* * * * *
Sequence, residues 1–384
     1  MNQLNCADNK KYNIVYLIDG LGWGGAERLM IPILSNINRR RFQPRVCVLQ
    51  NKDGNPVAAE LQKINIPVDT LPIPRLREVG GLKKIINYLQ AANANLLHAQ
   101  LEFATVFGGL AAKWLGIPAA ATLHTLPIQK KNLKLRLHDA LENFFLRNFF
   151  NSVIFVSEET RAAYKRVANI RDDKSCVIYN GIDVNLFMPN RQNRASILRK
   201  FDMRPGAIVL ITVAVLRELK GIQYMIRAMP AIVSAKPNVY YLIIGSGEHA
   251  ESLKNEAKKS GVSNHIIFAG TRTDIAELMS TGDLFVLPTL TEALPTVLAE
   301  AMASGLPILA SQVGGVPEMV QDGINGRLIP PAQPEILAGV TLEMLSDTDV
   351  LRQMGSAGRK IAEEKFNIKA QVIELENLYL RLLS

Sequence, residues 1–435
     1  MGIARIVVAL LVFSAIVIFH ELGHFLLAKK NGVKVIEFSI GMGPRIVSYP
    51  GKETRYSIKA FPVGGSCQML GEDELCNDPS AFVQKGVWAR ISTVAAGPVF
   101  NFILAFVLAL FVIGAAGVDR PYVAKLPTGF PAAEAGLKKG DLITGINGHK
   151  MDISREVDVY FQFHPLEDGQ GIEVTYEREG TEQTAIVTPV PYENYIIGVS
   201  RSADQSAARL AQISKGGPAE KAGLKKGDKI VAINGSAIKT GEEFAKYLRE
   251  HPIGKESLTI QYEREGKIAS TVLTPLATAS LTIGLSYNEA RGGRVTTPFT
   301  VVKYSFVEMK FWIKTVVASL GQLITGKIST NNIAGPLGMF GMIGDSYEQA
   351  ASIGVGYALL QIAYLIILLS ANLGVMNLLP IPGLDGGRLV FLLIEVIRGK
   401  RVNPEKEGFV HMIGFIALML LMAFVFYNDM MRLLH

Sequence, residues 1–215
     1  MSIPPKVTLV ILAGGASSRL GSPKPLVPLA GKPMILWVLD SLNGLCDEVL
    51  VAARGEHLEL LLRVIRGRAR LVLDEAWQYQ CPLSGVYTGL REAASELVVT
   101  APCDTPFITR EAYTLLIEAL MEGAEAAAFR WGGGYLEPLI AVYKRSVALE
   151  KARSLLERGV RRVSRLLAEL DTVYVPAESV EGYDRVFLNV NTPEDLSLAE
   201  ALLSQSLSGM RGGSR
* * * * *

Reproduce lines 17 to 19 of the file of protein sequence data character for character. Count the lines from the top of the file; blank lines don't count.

   301  VVKYSFVEMK FWIKTVVASL GQLITGKIST NNIAGPLGMF GMIGDSYEQA
   351  ASIGVGYALL QIAYLIILLS ANLGVMNLLP IPGLDGGRLV FLLIEVIRGK
   401  RVNPEKEGFV HMIGFIALML LMAFVFYNDM MRLLH